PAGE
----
Build AWS AMIs Using Packer

- By Manisha Sahasrabudhe on June 21, 2018

This tutorial explains how to build an AWS AMI using Packer. Before you start, you should be familiar with the following concepts:

The best way to get started is to install Packer and run scripts manually on your local machine to create an AMI. Once you understand the mechanics of it, you should consider automating your workflow by following our documentation on Automated AWS AMI creation using Packer.

 

Step-by-step instructions

Follow the steps below in order to build the AMI starting from a vanilla Ubuntu 16.04 image.

 

Step 1: Prep your machine

 

Step 1: Prep Packer template

  • Packer uses a json template that contains build instructions. The basic construct is one builder and multiple steps of provisioners and post-processors. You can read more about templates in the Packer docs and create your own template.
  • If you do not have your own Packer scripts, please feel free to clone our sample repo here: https://github.com/devops-recipes/aws_ami_with_packer. This repository contains the following key files:
    • baseAmi.json is the packer template
    • baseInit.sh is the shell script that will install packages inside the build machine
    • vars.json supplies the values for all the dynamic variables 
  • We are using a file based provisioner that copies the file into the build machine and executes it. We also have a manifest post-processor that enables us to output the amiId that was just built. Our Packer template looks like this:
{
  "variables": {
    "aws_access_key": "",
    "aws_secret_key": "",
    "vpc_region": "",
    "vpc_id": "",
    "vpc_public_sn_id": "",
    "source_ami": "test",
    "vpc_public_sg_id": "",
    "instance_type": "",
    "ssh_username": ""
  },
  "builders": [
    {
      "type": "amazon-ebs",
      "access_key": "",
      "secret_key": "",
      "region": "",
      "vpc_id": "",
      "subnet_id": "",
      "associate_public_ip_address": true,
      "security_group_id": "",
      "source_ami": "",
      "instance_type": "",
      "ssh_username": "",
      "ami_name": "base-ami-{{isotime \"2006-01-02-1504\"}}",
      "ami_groups": "all",
      "launch_block_device_mappings": [
        {
          "device_name": "/dev/sda1",
          "volume_type": "gp2",
          "volume_size": "30",
          "delete_on_termination": true
        }
      ]
    }
  ],
  "provisioners": [
    {
      "type": "shell",
      "script": "baseInit.sh"
    }
  ],
  "post-processors": [
    {
      "type": "manifest",
      "output": "manifest.json",
      "strip_path": true
    }
  ]
}

  • In vars.json, replace these wildcards (security group, subnet id, instance information etc.) with your desired values: ${AWS_ACCESS_KEY_ID} ${AWS_SECRET_ACCESS_KEY} ${vpc_region} ${vpc_public_sn_id} ${vpc_public_sg_id} ${source_ami} ${instance_type} ${ssh_username}.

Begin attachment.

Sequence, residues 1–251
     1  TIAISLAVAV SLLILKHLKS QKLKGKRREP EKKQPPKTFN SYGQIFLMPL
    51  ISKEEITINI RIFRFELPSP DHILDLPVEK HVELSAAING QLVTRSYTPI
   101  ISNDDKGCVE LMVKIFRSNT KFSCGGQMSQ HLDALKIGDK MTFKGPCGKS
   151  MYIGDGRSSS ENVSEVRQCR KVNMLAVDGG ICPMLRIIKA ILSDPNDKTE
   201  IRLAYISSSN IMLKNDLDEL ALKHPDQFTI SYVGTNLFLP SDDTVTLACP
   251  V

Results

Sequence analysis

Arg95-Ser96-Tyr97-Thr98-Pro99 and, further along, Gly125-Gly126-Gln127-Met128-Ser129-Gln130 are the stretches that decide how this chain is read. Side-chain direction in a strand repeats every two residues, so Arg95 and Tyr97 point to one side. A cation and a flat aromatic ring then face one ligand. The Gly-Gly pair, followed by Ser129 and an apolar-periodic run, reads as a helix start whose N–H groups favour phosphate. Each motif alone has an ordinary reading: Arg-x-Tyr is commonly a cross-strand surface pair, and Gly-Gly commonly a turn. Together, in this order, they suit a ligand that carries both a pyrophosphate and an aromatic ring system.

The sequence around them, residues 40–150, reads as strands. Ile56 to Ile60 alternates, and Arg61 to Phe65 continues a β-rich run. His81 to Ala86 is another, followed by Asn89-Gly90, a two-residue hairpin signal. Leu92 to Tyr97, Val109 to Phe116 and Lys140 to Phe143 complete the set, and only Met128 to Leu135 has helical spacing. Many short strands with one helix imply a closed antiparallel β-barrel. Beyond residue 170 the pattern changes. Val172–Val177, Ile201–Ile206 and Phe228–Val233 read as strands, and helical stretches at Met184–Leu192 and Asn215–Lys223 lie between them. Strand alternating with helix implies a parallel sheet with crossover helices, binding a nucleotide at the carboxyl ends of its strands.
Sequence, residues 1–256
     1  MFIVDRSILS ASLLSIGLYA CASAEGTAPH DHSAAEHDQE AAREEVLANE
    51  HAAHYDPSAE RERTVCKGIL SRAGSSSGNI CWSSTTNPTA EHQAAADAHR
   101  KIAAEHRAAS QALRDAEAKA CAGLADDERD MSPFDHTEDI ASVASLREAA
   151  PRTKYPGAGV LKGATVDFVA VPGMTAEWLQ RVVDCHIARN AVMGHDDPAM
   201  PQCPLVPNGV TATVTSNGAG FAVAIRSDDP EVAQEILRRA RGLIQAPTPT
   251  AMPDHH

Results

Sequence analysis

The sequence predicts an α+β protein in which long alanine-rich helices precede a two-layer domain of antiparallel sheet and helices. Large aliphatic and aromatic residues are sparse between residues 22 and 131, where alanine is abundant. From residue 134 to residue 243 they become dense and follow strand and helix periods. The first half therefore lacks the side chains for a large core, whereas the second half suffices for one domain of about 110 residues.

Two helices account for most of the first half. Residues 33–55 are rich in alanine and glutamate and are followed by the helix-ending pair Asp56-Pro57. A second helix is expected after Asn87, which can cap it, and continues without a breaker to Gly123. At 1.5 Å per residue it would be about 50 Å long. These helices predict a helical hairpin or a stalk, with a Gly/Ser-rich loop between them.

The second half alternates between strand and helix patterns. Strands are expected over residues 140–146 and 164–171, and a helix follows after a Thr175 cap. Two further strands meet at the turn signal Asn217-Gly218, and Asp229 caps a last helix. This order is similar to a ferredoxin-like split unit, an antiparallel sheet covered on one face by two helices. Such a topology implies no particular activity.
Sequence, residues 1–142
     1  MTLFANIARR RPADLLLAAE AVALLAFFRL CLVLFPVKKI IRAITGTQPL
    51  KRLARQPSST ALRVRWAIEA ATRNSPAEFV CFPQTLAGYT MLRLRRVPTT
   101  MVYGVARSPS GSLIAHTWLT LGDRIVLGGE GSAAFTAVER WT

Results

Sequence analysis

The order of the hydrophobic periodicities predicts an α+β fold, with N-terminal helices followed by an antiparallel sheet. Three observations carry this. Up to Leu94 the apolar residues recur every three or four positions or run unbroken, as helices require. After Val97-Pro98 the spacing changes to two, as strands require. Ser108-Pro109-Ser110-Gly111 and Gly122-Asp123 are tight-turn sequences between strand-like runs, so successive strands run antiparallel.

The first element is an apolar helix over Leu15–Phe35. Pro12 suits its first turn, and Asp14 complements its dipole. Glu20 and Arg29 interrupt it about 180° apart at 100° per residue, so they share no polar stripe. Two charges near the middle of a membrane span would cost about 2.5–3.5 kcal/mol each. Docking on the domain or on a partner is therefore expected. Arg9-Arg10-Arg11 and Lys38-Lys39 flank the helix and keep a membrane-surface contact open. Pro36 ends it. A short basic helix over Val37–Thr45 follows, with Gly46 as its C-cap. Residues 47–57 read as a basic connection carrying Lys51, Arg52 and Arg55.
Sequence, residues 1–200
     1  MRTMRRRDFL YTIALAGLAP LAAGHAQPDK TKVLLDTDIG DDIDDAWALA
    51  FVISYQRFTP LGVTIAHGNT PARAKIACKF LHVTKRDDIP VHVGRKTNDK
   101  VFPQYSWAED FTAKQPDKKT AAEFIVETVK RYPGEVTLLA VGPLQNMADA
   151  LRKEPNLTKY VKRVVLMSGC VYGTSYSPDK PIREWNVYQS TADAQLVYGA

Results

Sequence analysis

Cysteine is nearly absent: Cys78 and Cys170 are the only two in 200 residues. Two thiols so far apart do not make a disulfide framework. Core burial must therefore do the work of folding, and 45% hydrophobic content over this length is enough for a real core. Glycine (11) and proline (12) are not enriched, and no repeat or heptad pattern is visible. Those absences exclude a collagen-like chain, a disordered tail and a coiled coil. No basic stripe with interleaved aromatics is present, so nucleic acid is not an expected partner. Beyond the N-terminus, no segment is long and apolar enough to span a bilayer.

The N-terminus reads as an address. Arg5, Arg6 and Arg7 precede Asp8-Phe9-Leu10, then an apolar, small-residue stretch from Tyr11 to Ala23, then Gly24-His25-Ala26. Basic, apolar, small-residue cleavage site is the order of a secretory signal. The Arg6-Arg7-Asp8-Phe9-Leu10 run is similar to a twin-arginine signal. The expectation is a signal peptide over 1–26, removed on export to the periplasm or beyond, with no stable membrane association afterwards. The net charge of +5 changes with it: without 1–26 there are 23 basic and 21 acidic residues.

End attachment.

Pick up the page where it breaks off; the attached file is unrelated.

Step 3:  Build AMI

  • Execute the following command to start Packer build from the directory that contains baseAmi.json file.
packer build -var-file=vars.json baseAMI.json
  • Verify on AWS if the AMI was built.

 

Challenges with manually executing Packer templates

If you build AMIs fairly often, you'll face a few challenges with manual execution of Packer templates:

  • Unless you want to create a Packer JSON for every single type of image you want to build, you will likely choose a template approach with one Packer template where wildcards can be replaced to build the right images. However, making sure the wildcards are correctly replaced can be error prone. Automation is key in ensuring that the wildcards are contextually replaced at runtime.
  • Once you create a build image, you likely want to provision some instances on AWS using that image. Sometimes there is an entire dependency tree of workflows that need to be triggered if the image changes. Manually triggering these dependent workflows and keeping stakeholders aware of changes can get challenging.
  • The machine has to be prepped with the right version of the CLI. If multiple teams are creating images and they have a need to use different versions of the CLI, you will need different deployment machines for each team. 

Automated AMI builds with Packer and Shippable

To show you how to automate the workflow described above, we have designed a step by step tutorial in our documentation:

 

 Schedule a demo

If you want a live demo of the Shippable platform and watch this scenario in action, schedule a demo with us: 

Topics: AWS, packer